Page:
Apis: the divine bull of the Egyptian capital Memphis, a manifestation of the god Ptah.
Already in the most ancient times, the Egyptians venerated bulls, animals that represented fertility. ("Strong bull" was a common title for creator gods and kings.) Examples are the white Mnevis bull and the Bouchis of Hermonthis, which was also white but had a black head. The Apis is described by the Greek researcher Herodotus of Halicarnassus:
The Apis is the calf of a cow which is never afterwards able to have another. The Egyptian belief is that a flash of light descends upon the cow from heaven, and this causes her to conceive Apis. The Apis-calf has distinctive marks: it is black, with a white square on its forehead, the image of an eagle on its back, the hair on its tail double, and a scarab under its tongue.note[Herodotus, Histories 3.28;tr. Aubrey de Sélincourt.]
The animal was venerated in Memphis, where a special shrine was built. It sometimes served as an oracle.
[Pharaoh] Psammetichus built the southern gateway of the temple of Ptah at Memphis, and opposite it a court for Apis [...]. Apis is kept in this court whenever he appears; it has a colonnade round it, with statues six meters high instead of pillars, and is richly carved with figures.note[[Herodotus, Histories 2.153; tr. Aubrey de Sélincourt.]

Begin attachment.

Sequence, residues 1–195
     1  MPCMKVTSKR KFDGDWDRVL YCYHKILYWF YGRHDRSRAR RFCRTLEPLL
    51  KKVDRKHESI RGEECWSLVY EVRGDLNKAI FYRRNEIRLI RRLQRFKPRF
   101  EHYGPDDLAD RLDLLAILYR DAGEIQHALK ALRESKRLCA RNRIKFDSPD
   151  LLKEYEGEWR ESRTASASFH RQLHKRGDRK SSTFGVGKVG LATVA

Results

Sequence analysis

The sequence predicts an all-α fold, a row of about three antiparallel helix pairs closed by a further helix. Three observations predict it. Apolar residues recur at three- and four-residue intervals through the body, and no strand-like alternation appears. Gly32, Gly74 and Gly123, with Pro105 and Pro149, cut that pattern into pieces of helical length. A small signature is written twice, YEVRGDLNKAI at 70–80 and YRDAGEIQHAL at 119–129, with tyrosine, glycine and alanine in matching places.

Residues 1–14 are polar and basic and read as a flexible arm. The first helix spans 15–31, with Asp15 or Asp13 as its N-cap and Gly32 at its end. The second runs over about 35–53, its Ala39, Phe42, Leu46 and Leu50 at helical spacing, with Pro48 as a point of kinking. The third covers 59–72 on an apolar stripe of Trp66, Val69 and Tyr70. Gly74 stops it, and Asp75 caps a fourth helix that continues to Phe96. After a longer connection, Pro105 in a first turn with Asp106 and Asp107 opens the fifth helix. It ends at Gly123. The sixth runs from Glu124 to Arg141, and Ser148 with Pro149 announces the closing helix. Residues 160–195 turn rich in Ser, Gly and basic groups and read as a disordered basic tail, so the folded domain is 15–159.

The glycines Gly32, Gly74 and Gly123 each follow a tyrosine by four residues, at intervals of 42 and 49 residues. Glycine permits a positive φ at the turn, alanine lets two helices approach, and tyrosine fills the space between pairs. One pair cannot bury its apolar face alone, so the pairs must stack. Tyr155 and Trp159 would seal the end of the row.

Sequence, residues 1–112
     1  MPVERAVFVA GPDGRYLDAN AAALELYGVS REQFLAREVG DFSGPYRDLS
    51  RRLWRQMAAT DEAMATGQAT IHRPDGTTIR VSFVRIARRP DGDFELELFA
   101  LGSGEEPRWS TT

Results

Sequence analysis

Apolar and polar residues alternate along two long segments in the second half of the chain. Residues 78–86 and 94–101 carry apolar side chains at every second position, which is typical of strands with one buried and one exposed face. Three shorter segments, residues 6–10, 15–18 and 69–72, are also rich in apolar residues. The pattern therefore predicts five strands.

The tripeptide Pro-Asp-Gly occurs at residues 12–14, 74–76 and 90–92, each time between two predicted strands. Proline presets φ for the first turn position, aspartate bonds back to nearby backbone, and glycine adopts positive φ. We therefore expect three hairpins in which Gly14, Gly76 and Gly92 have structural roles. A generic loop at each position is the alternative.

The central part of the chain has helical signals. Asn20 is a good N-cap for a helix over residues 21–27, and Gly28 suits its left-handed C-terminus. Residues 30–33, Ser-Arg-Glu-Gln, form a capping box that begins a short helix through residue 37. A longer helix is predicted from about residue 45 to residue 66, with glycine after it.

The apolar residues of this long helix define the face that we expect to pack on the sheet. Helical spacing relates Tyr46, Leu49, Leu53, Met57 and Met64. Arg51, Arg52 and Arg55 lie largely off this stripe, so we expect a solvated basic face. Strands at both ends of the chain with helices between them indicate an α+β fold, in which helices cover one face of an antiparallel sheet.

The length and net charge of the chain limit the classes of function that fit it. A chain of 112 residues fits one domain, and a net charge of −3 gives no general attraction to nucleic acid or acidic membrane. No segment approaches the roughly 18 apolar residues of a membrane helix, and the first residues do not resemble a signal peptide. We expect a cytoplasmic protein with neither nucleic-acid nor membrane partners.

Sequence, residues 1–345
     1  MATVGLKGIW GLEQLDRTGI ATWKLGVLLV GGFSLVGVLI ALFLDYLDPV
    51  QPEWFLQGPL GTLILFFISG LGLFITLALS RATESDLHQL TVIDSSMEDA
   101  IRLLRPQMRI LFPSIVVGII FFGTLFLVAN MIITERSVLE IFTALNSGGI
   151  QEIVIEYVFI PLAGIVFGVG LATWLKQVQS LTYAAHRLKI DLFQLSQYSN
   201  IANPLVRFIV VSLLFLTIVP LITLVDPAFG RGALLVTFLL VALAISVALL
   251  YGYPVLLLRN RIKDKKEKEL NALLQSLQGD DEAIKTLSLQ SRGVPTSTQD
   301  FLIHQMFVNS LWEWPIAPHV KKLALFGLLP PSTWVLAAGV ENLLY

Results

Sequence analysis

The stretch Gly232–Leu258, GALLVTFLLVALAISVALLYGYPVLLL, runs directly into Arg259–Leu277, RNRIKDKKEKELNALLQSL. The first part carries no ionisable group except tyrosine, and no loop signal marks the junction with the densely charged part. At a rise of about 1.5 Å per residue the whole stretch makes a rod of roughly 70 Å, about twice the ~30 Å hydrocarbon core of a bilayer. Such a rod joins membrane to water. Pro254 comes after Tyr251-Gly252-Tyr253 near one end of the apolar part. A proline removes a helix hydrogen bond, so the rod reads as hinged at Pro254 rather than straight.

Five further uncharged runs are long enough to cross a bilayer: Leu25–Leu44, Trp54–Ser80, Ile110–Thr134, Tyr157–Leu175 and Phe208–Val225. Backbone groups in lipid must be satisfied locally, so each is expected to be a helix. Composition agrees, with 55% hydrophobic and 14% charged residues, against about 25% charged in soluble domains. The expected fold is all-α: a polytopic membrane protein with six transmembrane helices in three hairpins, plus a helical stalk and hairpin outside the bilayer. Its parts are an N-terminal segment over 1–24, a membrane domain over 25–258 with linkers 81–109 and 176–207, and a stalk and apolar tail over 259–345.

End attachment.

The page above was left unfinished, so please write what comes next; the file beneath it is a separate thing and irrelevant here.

The Apis was considered to be a manifestation of the Memphite creation god Ptah; it was the "soul (Ba) of Ptah" and "herald (whm) of Ptah". The bull was therefore a kind of servant, who was himself divine. Sometimes, the animal was shown to the populace; during this procession, its walk was considered to be the blessing of the country.
When the Apis died, it was buried in a necropolis at Saqqara. The oldest known burial dates back to Amenophis III (r,1391-1353). The died bull had become identical to the god of the Underworld, Osiris. Therefore, he was known as Osiris-Apis. During the reign of the Ptolemaic kings (r.323-30 BCE), the god Osirapis or Serapis became the most important god of Egypt.
The Apis is usually depicted as a black bull with, between his horns, a sun disk and an uraeus snake. An example can be found on the tomb of the Apis that died in September 524, which shows the Cambyses, the Persian king who had conquered Egypt but behaved like a normal pharaoh, venerating the bull.
The Greeks identified the Apis with their demi-god Epaphus, a son of their supreme god Zeus and his lover Io, who had been transformed into a cow. The cult for Apis still existed in Roman times; the sacred animal was even protected by an official bodyguard, a lictor. However, the worship disappeared when Egypt was christianized, atlhough a very brief revival during the reign of the emperor Julianus Apostata (r.361-363) is likely.